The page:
Apparently many people had been playing Monopoly wrong for years and, if you look at the retweets and replies, some of them were freaking out. But it’s right there, in the rules. People just hadn’t noticed and then had taught people who had never even read the rule book. And don’t even get me started on the Free Parking. If this can be the case with a straight forward game then it behoves the makers of more involved ones to keep instructions clear and logical and, as I’ve said, though Trickerion isn’t the worst for this, it’s certainly not the best. Occasionally you’ll find things that don’t make sense, often half way through set up, and you can struggle to dig out the answers. This alone might put novice gamers off. Having said that, once you have played through the game a few times these niggles work themselves out. And, partly to combat the complexity and to make the game more accessible to new players, there are two skill levels; Base and Expansion. If you’re not brand new to board gaming then you probably don’t need to play the Base game. It’s fine, but Trickerion is so much more fun when playing with the Expansion.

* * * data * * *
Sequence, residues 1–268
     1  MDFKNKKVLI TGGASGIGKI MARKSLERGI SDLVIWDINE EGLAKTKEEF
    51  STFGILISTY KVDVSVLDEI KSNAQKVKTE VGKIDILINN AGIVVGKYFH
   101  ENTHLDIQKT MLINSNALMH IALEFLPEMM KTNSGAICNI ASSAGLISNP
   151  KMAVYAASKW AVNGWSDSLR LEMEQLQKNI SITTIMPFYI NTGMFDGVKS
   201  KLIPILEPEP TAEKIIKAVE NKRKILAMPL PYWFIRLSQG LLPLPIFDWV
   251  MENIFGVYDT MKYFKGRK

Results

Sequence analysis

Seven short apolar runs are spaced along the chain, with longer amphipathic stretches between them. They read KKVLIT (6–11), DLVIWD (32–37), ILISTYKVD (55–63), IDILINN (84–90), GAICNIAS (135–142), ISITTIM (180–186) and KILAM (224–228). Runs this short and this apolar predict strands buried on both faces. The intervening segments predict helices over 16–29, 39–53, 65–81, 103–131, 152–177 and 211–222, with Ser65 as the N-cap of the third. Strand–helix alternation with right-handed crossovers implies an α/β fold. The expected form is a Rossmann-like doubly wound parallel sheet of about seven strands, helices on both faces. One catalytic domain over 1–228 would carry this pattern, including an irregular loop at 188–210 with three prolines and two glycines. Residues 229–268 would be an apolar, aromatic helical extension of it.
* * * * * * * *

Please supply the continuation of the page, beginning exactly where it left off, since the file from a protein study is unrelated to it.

Slightly fuzzy rules are about my only real gripe, and it’s a minor one at best. Remember when I said this game looks fantastic? That quality is true throughout. It’s a real, tactile joy to handle the different parts to Trickerion and Mindclash Game, who created the game, have hit a lovely balance between quality and keeping the cost down. But how does it play? Really very well. I’m not going to bother using phrases like ‘resource management’ or ‘worker placement’ because if you’re into games enough to know everything that implies, you also know about BoardGameGeek. But the game itself is actually very simple. You and your little group of helpers need to buy bigger and better illusions as well as recruit a larger team to help you put on the most impressive shows. Then you have to get together all of the different components you need in order to construct the illusions (whilst you can buy mirrors, smoke is not an option), which you or one of your team put together back in your workshop. Once your trick is ready it’s off to one of the theatres to set it up, and then perform. The only thing left is the applause of the audience.

 If you don't pick the glamorous male assistant (top right) there is something wrong with you.